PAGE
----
August 1962 | Volume 13, Issue 5
There are many kinds of inventors. One is the heralded, or no-one-is-laughing-at-themany-longer, variety, like Edison, Elias Howe, and the Wright Brothers. Then there are the heralded-for-something-else inventors, like Mark Twain, who devised a new kind of scrapbook, or Lillian Russell, who patented an improved trunk. (Her own scarcely needed any improvement.) But there is, alas, a sad, forgotten group, the inventors of useful and clever devices that never quite catch on. Some of the splendid ideas of these unsung geniuses are shown here in patent drawings picked out from a recent booklet on patents published by E. I. da Pont de Nemours & Company, where they know a good deal about the subject.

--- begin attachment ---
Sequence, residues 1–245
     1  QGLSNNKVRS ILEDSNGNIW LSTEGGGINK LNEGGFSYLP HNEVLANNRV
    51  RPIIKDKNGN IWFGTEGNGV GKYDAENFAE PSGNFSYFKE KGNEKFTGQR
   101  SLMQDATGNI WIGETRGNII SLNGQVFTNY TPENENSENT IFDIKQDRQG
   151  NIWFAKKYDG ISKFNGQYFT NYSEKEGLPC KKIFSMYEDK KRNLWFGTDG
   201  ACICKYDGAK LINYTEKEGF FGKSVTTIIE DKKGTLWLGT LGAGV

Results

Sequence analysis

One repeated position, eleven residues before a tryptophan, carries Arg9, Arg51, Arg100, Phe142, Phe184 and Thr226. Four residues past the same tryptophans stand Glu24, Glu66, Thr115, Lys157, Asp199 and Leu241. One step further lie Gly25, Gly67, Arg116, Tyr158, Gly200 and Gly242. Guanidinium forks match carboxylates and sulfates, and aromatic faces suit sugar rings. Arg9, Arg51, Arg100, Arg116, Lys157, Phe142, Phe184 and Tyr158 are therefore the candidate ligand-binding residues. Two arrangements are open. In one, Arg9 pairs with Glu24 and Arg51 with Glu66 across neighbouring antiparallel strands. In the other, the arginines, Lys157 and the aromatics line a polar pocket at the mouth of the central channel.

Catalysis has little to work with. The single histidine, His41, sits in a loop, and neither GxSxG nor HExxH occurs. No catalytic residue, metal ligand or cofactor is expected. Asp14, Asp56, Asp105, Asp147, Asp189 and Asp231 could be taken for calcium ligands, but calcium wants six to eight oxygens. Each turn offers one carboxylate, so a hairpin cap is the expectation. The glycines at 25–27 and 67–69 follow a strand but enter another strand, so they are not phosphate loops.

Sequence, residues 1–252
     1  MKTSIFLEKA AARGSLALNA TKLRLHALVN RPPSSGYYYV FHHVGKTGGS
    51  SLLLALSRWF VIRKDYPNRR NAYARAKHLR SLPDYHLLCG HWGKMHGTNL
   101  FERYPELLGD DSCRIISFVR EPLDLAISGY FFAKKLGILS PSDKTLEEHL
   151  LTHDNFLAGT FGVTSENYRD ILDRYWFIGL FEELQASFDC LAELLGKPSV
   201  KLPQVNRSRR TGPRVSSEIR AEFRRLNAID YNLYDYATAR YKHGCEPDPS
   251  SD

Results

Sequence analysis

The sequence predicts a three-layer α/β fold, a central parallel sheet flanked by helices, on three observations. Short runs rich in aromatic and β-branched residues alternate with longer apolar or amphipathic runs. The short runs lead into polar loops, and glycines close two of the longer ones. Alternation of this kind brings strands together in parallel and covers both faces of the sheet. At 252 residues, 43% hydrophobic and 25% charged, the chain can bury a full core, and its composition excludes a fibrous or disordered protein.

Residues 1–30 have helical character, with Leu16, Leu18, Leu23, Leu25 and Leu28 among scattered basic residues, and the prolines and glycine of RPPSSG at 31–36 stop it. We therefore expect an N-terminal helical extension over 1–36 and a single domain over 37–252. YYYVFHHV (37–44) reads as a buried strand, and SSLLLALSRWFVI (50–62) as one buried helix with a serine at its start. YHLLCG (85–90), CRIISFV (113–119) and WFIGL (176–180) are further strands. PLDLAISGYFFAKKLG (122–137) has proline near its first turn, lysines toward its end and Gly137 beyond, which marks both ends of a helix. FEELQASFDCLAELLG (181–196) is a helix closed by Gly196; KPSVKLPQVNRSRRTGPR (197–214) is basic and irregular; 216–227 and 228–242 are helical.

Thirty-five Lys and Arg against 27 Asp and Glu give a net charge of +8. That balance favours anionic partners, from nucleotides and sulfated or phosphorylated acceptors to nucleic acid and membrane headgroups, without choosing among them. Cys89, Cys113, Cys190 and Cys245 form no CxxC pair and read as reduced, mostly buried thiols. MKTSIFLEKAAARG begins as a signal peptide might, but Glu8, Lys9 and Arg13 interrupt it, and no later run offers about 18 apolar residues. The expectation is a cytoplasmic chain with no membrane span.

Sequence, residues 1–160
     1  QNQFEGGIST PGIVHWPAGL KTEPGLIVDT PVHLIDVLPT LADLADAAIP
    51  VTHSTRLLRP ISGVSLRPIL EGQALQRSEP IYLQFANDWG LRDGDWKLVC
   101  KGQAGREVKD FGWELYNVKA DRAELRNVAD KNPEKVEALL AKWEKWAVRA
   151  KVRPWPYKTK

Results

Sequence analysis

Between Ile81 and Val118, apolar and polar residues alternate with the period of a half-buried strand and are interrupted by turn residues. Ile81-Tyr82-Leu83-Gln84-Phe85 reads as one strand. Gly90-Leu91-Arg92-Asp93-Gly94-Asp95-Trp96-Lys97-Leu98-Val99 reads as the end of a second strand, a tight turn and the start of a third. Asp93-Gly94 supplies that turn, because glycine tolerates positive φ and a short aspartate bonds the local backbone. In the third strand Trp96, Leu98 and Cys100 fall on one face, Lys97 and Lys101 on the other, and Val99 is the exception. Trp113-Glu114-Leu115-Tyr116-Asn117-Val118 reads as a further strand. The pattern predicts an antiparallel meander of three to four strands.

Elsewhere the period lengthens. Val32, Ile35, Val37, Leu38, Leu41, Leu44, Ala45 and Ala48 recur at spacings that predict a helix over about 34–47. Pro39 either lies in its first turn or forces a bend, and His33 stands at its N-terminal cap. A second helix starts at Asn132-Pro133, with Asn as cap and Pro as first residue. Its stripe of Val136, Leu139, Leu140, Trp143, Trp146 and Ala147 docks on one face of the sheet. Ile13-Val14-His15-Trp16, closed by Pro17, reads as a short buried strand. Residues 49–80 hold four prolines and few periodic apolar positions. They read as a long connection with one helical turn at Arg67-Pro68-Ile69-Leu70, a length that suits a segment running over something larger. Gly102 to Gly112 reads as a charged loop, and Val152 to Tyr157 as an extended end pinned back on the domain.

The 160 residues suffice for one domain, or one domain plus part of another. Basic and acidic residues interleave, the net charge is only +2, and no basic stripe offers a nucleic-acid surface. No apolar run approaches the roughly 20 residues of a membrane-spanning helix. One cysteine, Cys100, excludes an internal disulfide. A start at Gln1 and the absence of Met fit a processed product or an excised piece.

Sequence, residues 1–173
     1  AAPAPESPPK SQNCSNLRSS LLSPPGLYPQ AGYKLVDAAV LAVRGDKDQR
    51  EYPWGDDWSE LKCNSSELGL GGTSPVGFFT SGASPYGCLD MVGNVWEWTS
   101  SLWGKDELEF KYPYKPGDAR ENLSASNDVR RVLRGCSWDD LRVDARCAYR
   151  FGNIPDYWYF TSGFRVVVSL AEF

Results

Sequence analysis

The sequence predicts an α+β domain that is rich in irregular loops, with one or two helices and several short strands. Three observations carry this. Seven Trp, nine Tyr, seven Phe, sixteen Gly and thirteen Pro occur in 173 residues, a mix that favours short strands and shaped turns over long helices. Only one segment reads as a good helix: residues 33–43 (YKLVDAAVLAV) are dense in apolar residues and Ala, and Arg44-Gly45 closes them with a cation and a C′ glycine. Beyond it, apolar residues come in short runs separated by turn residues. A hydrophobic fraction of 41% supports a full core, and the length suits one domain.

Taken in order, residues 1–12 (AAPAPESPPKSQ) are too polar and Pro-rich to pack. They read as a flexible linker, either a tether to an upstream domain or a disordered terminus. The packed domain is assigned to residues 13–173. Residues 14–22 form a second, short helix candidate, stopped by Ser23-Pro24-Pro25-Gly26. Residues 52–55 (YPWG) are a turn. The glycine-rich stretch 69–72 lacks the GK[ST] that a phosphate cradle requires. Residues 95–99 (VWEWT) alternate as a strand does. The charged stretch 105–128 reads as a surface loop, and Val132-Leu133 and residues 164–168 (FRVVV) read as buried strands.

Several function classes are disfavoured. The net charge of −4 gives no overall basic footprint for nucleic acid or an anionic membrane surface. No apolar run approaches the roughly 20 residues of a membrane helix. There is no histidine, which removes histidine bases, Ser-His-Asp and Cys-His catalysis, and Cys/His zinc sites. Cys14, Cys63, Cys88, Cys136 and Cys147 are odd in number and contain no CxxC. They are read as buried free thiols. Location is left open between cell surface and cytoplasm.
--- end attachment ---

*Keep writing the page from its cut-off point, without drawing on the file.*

Consider the brilliant notion, at top, of H. M. Small; if the railroads cared, it would still be a good idea, as any tired commuter knows. Or Joseph Fallek’s grapefruit shield; because no one listened, this mischievous fruit is still taking its annual toll at the national breakfast table. Nor is it too late to this very day for the President of the United States to snap up one of Clark’s rocking-chair churns. It would not only relieve executive tensions, it would also help out around the White House.